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Product Review of Friskies Dry Cat Food

Friskies is one of the best-known brands of cat food on the market. It is also one of the best selling brands of cat food and it can be found in grocery stores, supermarkets, pet stores, online, and elsewhere. How does this product stack up in regard to cat health?

Cats are strictly carnivores. This means that in the wild, vegetation makes up less than 1% of their diet. Cat owners need to be aware of this if they want to make sure that their pets are healthy and have a good quality of life for a long time.

Naturally, it is nearly impossible to tell what is in cat food by just looking at it. Thankfully, labeling laws in the US are such that the ingredients must be listed on the label. The amount of each ingredient isn’t given. However, whichever ingredient is the primary substance must be listed first in the ingredient list. The substance that is the secondary ingredient is listed second, and so forth.

The rule of thumb is that good cat food won’t list any vegetable product in at least the first four ingredients since these four ingredients account for most of what is in the food. Having this as a basis for understanding how good any particular brand of cat food is, it becomes simpler to review the cat food.

Friskies ingredients

This is the ingredient list for Friskies dry cat food. To make it simpler, all meat ingredients will be in bold.

Ground yellow corn, corn gluten meal, chicken by-product meal, meat and bone meal, soybean meal, beef tallow preserved with mixed-tocopherols (form of Vitamin E), turkey by-product meal, powdered cellulose, animal liver flavor, soybean hulls, malt extract, phosphoric acid, calcium carbonate, potassium chloride, salt, choline chloride, dried cheese powder, added color (Yellow 6, Yellow 5, Red 40, Blue 2 and other color), parsley flakes, taurine, calcium phosphate, Vitamin E supplement, zinc sulfate, ferrous sulfate, niacin, manganese sulfate, Vitamin A supplement, calcium pantothenate, thiamine mononitrate, copper sulfate, riboflavin supplement, Vitamin B-12 supplement, pyridoxine hydrochloride, folic acid, Vitamin D-3 supplement, calcium iodate, biotin, menadione sodium bisulfite complex (source of Vitamin K activity), sodium selenite.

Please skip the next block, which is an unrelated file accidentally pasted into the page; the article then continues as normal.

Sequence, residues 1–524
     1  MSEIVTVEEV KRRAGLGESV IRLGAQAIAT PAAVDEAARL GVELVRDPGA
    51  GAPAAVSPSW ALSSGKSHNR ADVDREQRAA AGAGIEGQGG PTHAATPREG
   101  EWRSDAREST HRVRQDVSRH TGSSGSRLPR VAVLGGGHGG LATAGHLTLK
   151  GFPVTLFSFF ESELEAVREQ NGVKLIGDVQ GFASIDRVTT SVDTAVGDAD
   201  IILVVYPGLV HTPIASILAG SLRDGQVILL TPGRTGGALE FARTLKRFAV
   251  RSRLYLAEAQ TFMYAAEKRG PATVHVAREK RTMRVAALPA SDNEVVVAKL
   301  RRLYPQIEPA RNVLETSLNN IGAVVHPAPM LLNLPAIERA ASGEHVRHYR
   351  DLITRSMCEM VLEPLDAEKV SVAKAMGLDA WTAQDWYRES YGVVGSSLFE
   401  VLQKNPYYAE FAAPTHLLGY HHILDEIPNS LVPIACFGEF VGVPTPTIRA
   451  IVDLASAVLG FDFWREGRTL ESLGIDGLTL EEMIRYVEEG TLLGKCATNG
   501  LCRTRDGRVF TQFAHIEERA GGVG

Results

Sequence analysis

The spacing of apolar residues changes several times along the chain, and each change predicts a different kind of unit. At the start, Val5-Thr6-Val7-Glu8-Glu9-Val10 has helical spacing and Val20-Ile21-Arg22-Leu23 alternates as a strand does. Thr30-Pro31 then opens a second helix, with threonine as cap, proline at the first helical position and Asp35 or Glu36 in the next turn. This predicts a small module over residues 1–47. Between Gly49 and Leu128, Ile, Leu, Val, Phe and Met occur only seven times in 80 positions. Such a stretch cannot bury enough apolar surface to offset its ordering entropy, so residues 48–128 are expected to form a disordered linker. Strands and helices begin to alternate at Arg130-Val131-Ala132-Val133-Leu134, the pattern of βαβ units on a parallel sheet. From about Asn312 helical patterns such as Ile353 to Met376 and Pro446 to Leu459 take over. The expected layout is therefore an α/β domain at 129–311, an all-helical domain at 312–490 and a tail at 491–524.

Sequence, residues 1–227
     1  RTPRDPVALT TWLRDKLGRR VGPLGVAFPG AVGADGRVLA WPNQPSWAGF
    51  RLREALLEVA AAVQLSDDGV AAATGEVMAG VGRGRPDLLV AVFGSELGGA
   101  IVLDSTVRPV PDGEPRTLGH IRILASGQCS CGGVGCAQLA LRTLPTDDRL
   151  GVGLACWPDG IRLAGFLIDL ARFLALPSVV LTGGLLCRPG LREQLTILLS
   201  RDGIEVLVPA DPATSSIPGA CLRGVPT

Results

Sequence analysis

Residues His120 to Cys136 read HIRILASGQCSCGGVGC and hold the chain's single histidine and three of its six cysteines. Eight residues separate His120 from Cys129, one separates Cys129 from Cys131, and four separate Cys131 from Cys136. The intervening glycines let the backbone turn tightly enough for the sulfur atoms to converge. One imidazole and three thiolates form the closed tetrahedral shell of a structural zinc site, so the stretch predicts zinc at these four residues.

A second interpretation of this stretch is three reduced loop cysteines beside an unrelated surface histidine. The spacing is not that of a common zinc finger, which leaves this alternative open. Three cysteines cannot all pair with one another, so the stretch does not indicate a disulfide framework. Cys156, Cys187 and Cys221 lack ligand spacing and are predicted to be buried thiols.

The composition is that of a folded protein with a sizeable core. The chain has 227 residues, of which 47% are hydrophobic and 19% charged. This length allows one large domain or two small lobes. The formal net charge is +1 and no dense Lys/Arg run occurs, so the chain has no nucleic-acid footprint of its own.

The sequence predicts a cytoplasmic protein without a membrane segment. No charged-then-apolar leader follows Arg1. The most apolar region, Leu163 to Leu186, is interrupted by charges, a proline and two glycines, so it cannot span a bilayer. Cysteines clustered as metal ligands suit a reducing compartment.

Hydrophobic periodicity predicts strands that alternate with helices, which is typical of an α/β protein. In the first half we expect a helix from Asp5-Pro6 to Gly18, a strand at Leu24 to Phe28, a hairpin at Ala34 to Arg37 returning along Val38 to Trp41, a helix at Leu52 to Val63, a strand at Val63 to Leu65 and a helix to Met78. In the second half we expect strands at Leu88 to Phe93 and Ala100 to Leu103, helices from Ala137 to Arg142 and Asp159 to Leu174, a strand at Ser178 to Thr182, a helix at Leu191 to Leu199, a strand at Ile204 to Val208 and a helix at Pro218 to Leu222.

Notice that the first two ingredients are corn and corn byproducts. Cats have particular difficulties digesting corn.

The first meat ingredient is third; chicken byproducts, which would be almost anything, from broth to feathers. It does say ‘meal’, so there is a good chance that it is ground chicken bones. One must look at the fourth ingredient to find meat and bone meal. That is followed by soybean meal, then beef tallow. Tallow is fat, suet, or lard and it is what glue and soap used to be made from.

This means that if you feed your cat Friskies, you are primarily feeding them corn, which is decidedly not good for cats. Friskies does contain vitamins and minerals, but they are so far down on the list that the amounts would almost certainly be tiny. In fact, of the over-40 listed ingredients, only four of them are meat or meat byproducts.

How good is this cat food?

Nutritionally, this cat food isn’t a good one and is only marginally better than nothing. It does tend to be fairly inexpensive, but that is mostly because corn isn’t tremendously expensive. It contains preservatives and cellulose, too. If you aren’t acquainted with cellulose, this is what makes wood rigid. Sawdust is mostly cellulose.

It is difficult to give a comparison with other top-selling cat foods. The reason is that Friskies is produced by Nestle Purina PetCare. This is the same company that produces Alpo dog food, Purina cat food, Go-Cat, Tender Vittles, and Beneful. One shouldn’t expect that any of these would be good pet foods, although they aren’t tremendously expensive. These are all among the best-selling brands of cat and dog food.

Friskies is one of the top selling cat foods on the market. It is better than letting a cat starve to death. However, it also isn’t too difficult to make cat food, either, and homemade is usually healthier and possibly less expensive. There are far better choices on the market, too, though they tend to cost more. The choice, of course, is up to the consumer.

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Written by Rex Trulove

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